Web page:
So this is it. Well, not quite, but this week. Thursday, to be exact, the Dallas Stars kick off their regular season odyssey at home against the Chicago Blackhawks. It’s about time, too. We’ve spent all summer speculating, predicting, worrying, call it the emotional spectrum of the true fan, we need some hard data. But which game is most important? Which will be the truest test of our revamped Stars, and the best indication of how the months to follow might go?
I’m tempted to say game numero uno. The Blackhawks are an elite team with legitimate Stanley Cup aspirations. Patrick Kane, Jonathan Toews, Duncan Keith, the list is familiar because we’ve seen so much of them in prime time national broadcasts and during the post-season. I could also point to the showdown with Anaheim at month’s end. By all rights both teams should have their feet by that point, plus, there will undoubtedly be lingering animosity from an energetically contested quarter final last season. Both will be excellent games, but neither will be the most important. Nor will the divisional showdowns with Nashville (Oct 11) or St. Louis (Oct 28).
Instead, the first interesting test I see is their 6th game, when the Stars play host to a significantly reshuffled Vancouver squad. That’s right, the freaking Canucks. The defending 25th place, fired-their-coach-in-the-offseason Canucks. The players-too-old, traded-Ryan-Kesler-in-the-offseason bunch from B.C. almost certain to turn last year’s hiccup into an all-out tailspin. Hear me out.
The opening month of the NHL's regular season is nutty. It's an odd confluence of off-season expectations and on-ice results. Data has begun to compile, but the sample size monster prevents us from drawing any serious statistical conclusions. Last October, for instance, those same Canucks were a playoff team, as were the Phoenix (now Arizona) Coyotes. San Jose was blowing everyone out as the presumptive Stanley Cup favorite, and we all knew the Colorado Avalanche were destined to crash and burn. The point is, it was too early to really tell what was going to happen.
So it turns into more of a gut reaction. All summer I've been wondering if a super-charged offense is enough to get the job done. If our superstars stay potent, and our goaltending superlative. I won't necessarily know for sure by the 21st, but I'll have a much better idea. I'll also have a better idea of whether or not Brad Richards can elevate Chicago's second line, and a glimpse of how far Pekka Rinne has to come to get back to being Pekka Rinne.
Six good games, and whoa boy Dallas is rolling. Six bad ones, and maybe the pressure mounts to call someone up. When I look at the five preceding games; the Penguins in Pittsburgh and Chicago at home should be legitimate tests. Nashville at home? Possibly. The Blue Jackets in Columbus? They were a playoff team last year, but are unlikely to have Ryan Johansen so early in the season. Good luck figuring out how the Flyers are going to play on any given night. Right now, I can talk myself into the Stars at 5-0, the Stars at 0-5, and everything in between.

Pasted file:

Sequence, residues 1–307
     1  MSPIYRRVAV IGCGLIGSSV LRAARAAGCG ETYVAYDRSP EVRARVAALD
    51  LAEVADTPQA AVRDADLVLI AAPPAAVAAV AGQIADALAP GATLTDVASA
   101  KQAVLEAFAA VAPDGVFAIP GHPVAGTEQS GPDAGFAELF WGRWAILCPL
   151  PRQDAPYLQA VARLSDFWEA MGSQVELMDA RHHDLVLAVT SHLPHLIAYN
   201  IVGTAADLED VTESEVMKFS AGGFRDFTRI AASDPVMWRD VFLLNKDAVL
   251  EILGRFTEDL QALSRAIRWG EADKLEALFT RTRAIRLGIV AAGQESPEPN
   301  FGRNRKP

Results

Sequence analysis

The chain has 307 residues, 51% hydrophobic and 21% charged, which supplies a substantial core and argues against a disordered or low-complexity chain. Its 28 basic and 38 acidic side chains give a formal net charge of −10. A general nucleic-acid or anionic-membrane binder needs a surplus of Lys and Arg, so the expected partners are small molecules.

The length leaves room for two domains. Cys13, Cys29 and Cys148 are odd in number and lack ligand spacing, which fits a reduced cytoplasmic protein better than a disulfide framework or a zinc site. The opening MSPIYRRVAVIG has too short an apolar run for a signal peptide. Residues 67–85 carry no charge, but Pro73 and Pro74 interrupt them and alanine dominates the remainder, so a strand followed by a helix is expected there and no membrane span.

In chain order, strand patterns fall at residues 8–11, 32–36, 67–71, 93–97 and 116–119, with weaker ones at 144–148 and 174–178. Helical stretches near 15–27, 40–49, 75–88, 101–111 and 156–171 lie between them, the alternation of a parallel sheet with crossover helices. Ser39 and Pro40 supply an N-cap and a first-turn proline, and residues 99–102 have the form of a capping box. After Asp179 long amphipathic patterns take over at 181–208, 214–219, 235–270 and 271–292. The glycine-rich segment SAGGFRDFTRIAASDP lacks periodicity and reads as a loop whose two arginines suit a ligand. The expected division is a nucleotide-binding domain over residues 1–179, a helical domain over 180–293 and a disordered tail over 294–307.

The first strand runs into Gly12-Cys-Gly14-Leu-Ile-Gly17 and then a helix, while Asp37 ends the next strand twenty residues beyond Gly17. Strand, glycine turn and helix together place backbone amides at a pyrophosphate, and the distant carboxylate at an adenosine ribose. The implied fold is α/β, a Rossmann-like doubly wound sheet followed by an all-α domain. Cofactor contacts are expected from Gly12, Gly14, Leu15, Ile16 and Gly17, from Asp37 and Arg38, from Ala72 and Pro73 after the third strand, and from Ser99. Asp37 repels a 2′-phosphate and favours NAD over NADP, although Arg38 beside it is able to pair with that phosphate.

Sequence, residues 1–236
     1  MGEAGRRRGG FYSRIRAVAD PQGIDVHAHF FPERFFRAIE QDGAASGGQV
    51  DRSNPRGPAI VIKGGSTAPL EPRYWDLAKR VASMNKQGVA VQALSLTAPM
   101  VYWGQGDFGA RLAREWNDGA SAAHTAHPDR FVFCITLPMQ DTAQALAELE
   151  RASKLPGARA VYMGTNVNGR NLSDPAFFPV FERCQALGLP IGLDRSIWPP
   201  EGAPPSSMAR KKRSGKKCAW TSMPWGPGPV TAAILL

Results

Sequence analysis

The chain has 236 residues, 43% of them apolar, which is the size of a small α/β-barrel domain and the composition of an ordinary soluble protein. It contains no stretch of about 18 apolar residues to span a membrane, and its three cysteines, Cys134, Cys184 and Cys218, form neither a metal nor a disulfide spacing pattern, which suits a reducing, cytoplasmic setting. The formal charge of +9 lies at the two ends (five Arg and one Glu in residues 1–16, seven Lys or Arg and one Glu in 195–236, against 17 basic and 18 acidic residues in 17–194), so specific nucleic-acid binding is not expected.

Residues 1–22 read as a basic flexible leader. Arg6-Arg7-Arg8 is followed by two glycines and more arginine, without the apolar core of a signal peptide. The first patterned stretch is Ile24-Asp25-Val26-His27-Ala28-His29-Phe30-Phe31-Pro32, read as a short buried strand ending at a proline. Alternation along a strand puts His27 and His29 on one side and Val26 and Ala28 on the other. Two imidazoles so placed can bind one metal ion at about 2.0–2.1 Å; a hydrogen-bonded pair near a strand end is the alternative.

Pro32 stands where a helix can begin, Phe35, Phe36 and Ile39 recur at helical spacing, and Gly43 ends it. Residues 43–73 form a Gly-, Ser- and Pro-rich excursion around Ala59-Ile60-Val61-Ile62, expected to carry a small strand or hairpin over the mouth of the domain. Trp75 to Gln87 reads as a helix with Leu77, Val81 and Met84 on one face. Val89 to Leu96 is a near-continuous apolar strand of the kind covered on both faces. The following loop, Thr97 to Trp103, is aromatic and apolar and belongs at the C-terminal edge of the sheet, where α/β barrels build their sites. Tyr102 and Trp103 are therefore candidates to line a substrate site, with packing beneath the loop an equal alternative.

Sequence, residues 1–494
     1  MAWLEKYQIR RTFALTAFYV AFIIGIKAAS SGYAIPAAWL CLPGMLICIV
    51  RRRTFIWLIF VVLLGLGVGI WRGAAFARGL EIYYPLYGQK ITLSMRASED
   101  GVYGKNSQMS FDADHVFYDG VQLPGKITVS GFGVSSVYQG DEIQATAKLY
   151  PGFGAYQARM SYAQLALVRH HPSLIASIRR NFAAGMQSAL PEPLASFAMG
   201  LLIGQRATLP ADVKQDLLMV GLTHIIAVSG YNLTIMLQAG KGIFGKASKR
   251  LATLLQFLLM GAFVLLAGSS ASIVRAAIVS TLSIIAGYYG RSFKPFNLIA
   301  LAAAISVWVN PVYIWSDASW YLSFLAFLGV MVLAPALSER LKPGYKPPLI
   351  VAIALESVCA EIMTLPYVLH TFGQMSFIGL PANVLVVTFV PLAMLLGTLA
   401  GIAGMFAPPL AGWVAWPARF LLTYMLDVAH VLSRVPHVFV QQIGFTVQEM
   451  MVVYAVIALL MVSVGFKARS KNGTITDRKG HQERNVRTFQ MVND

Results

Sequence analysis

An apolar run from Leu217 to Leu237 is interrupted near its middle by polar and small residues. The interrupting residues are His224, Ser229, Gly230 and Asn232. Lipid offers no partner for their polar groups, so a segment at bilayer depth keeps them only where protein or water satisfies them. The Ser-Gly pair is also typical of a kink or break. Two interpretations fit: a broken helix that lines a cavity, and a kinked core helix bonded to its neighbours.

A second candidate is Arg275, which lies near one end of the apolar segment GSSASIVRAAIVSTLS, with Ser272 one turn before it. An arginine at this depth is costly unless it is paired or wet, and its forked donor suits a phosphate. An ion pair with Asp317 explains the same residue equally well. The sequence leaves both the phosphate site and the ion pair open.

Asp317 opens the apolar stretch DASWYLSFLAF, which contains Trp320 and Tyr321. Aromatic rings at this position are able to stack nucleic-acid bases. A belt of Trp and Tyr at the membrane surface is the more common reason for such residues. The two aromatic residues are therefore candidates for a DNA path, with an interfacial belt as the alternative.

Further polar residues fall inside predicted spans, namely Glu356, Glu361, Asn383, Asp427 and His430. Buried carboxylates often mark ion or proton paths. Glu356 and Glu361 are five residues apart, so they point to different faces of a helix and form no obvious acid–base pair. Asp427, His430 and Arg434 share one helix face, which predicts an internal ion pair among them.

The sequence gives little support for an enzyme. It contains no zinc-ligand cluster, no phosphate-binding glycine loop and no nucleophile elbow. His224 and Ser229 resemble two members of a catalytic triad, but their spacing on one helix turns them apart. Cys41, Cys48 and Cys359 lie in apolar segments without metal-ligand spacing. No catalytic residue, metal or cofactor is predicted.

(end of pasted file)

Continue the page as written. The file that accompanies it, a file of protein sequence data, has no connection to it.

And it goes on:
Most likely, their record will be somewhere in that in between space, which turns the Vancouver game into something of a referendum. Vancouver will be healthier this season, and less distracted. They'll also be older and less talented. Remember: Dallas went 3-0 against Vancouver last season (2-1, 4-1, 6-1). The Stars should view this as a winnable game. The Dillon contract means all of the Stars' significant free agents are back in the fold. Travel won't be an excuse (Dallas plays in Pittsburgh the night of the 16th), and the fact that it's not a back-to-back means they should be able to use whichever goaltender they'd like. Good teams, playoff teams, step up and win games exactly like this one.
One last fun stat: only two playoff places changed hands after October last season. Without Vancouver's implosion, or a late season injury to Mike Smith, that number could very well have been zero. When Dallas plays Vancouver, they might be an early-season buzz saw set to serve notice on the rest of the Conference. They might also be a tentative, defensively frail group struggling to live up to lofty pre-season expectations.
Last season, on their march to the Calder Cup, the Texas Stars did something clever. Rather than look at their entire season, they broke it into meaningful chunks. The point was never to win 76 games, it was to win a week, then another, then another. Each time they were successful, they knocked a puck down in the locker room. They knew that if they took care of enough weeks, the season would work itself out. Versus Vancouver, on October 21st is Dallas' first Puck Game, and to me their most important, at least until their next most important game...